Thermal Compatibility of Ceramic Veneers to a High Strength Core Material

Main Article Content

Pannapa Sinthuprasirt Sarah Pollington Richard van Noort

Abstract

The purpose of this study is to determine the extent to which the coefficient of thermal expansion mismatch between a veneering and core ceramic affects the thermal shock resistance. This study is also to establish what is the ideal coefficient of thermal expansion for a veneering ceramic in relation to its core ceramic. Veneering ceramics matching the CTE of three ceramic core materials were manufactured by measuring the CTE of ceramics with a range feldspar/high leucite ratios and using a linear regression equation. Discs of the core ceramics were veneered with varying wt% ratios of leucite/feldspar with CTE values ± 3 ppm/°C. The thermal shock resistance was determined by preheating the specimens to 90°C, quenching them in cold water, then reheating to 90°C followd by cooling to room temperature and inspecting for crazing. If no failure occurred, the specimens were tested at increasing increments of 10°C until failure. Statistical analysis was undertaken using two-way ANOVA and Tukey post-hoc tests for the CTE of the varying feldspar/high leucite compositions; and one-way ANOVA with Tukey’s multiple comparison tests for the thermal shock resistance. The CTE of the mixtures of feldspathic and leucite veneering ceramics presented as a linear equation, obeying the rule of mixtures, thus enabling matched CTE ceramic systems to be created. For IPS emax CAD and VITA In Ceram YZ, when veneered with their recommended ceramic, the mean ΔT values were significantly lower (192 ± 12°C and 179 ± 18°C) than when veneered with a ceramic with a matched CTE (225 ±15°C and 218 ± 9°C) (p<0.05). However, for the fluorcanasite, the matched CTE ceramic produced a mean ΔT value of 232 ± 25°C, which was significantly higher than the two commercial systems (p<0.05). Significance: For high strength ceramic cores, the best thermal shock resistance is achieved with a veneering ceramic that has a CTE the same as the core ceramic.

Keywords

Article Details

Section
Applied Science Research Articles

References

[1] M. Guazzato, M. Albakry , SP. Ringer, and MV. Swain MV, “Strength, fracture toughness and microstructure of a selection of all-ceramic materials. Part II. Zirconia-based dental ceramics,” Dent Mater, vol. 20, no. 5, pp. 449–456, 2004.

[2] MN. Aboushelib, M. Kler, JM. van Zel, and AJ. Feilzer, “Effect of veneering method on the fracture and bond strength of bilayered zirconia restorations,” International Journal of Prosthodontics, vol. 21, no. 3, pp. 237–240, 2008.

[3] G. Isgro, H. Wang, CJ. Kleverlaan, and AJ. Feilzer, “The effects of thermal mismatch and fabrication procedures on the deflection of layered all-ceramic disc,” Dent Mater, vol. 21, no. 7, pp. 649–655, 2005.

[4] G. Isgro, CJ. Kleverlaan, H. Wang, and AJ. Feilzer, “The influence of multiple firing on thermal contraction of ceramic materials used for the fabrication of layered all-ceramic dental restorations,” Dent Mater, vol. 21, no. 6, pp. 557–564, 2005.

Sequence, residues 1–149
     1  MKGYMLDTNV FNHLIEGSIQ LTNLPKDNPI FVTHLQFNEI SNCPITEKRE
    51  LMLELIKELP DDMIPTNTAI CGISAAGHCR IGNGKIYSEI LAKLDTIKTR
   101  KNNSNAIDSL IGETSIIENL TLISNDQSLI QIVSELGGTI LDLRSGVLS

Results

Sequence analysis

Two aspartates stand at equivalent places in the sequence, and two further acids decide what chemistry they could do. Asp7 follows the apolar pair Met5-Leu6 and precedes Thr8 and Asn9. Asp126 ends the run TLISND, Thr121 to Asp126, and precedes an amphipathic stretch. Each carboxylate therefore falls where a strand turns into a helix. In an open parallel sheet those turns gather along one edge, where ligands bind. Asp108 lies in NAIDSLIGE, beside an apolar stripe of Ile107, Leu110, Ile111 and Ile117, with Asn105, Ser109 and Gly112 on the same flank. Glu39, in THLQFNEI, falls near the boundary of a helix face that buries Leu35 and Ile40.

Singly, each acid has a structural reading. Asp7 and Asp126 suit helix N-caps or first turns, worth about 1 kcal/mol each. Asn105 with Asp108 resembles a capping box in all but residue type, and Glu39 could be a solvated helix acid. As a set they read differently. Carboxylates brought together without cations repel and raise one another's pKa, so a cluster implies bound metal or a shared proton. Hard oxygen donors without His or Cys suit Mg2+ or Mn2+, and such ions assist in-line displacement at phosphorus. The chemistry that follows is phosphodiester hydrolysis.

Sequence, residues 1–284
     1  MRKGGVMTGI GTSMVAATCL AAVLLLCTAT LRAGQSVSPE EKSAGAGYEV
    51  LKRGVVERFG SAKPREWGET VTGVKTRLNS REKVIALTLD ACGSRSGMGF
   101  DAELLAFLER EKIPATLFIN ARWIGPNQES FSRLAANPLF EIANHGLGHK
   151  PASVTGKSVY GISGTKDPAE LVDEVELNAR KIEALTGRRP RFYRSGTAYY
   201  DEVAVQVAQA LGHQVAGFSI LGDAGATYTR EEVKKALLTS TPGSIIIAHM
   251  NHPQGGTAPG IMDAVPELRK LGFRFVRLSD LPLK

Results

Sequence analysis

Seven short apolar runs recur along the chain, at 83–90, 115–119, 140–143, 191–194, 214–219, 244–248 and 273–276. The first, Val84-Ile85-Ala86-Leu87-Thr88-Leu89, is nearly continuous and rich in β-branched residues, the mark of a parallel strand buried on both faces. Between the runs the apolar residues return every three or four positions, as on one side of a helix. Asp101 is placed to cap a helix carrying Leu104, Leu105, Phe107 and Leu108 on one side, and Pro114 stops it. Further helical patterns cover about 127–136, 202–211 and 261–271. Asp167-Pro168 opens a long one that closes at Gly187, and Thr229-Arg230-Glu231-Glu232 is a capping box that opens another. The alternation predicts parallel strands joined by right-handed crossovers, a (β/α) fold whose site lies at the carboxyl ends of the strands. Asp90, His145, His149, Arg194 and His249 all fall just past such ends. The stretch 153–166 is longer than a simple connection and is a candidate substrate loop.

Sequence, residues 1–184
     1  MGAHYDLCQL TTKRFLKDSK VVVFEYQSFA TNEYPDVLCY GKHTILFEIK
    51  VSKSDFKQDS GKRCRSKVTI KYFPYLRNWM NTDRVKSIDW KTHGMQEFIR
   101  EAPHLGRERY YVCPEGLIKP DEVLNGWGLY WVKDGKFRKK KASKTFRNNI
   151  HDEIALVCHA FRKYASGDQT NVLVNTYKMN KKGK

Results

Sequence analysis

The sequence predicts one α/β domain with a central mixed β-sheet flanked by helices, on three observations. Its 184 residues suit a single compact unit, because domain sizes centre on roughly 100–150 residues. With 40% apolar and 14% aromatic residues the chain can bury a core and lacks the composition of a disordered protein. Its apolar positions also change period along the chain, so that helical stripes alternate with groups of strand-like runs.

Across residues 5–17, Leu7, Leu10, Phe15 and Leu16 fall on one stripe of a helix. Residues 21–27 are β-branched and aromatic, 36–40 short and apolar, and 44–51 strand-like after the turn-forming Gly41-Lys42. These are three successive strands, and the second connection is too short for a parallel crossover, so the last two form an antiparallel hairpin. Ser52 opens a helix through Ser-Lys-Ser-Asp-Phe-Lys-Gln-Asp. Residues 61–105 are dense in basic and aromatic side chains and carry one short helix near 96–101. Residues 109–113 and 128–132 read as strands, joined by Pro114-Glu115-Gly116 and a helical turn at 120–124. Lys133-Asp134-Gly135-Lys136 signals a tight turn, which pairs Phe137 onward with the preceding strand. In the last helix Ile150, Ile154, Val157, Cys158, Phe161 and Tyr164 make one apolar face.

[5] DW. Jones and PA. Jones, “Modulus of elasticity of dental ceramics,” Dent Pract Dent Rec, vol. 22, no. 5, pp. 170–173, 1972.

[6] WD. Kingery, HK. Bowen, and DR. Uhlmann, Introduction to Ceramics, 2nd ed. New York : Wiley, 1976, pp. 50–56.

[7] GP. Mora and WJ. O'Brien, “Thermal shock resistance of core reinforced all-ceramic crown systems,” Journal of Biomedical Materials Research Banner, vol. 28, no. 2, pp. 189–194, 1994.

[8] AA. Barrett, NJ. Grimaudo, KJ. Anusavice, and MC. Yang, “Influence of tab and disk design on shade matching of dental porcelain,” Journal of Prosthetic Dentistry, vol. 88, no. 6, pp. 591–597, 2002.

[9] KJ. Anusavice, RD. Ringle, PK. Morse, CW. Fairhurst, and GE. King, “A thermal shock test for porcelain-metal systems,” Journal of Dental Research, vol. 60, no. 9, pp. 1686–1691, 1981.

[10] KJ. Anusavice, “Dental ceramics,” in Philip's Science of Dental Materials, 11th ed. Missouri, Elsevier Saunders, 2003, pp. 441–447.

[11] K. Asaoka and JA. Tesk, “Transient and residual stress in a porcelain-metal strip,” Journal of Dental Research, vol. 69, no. 2, pp. 463–469, 1990.

[12] KJ. Anusavice, PH. DeHoff, SW. Twiggs, and PC. Lockwood, “Thermal shock resistance of porcelain discs,” Journal of Dental Research, vol. 62, no. 10, pp. 1082–1085, 1983.

[13] JP. Coffey, KJ. Anusavice, PH. DeHoff, RB. Lee, and B. Hojjatie, “Influence of contraction mismatch and cooling rate on flexural failure of PFM systems,” Journal of Dental Research, vol. 67, no. 1, pp. 61–65, 1988.

[14] JP. Nielsen and JJ.Tuccillo, “Calculation of interfacial stress in dental porcelain bonded to gold alloy substrate,” Journal of Dental Research, vol. 51, no. 4, pp. 1043–1047, 1972.

[15] G. Isgro, CJ. Kleverlaan, H. Wang, and AJ. Feilzer, “Thermal dimensional behavior of dental ceramics,” Biomaterials, vol. 25, no. 12, pp. 2447–2453, 2004.

[16] R. van Noort, “Dental ceramic,” in Introduction to Dental Materials, 2nd ed. Mosby Ltd., 2002, pp. 231–256.

[17] PJ. Steiner, JR. Kelly, and AA. Giuseppetti, “Compatibility of ceramic-ceramic systems for fixed prosthodontics,” International Journal of Prosthodontics, vol. 10, no. 4, pp. 375–380, 1997.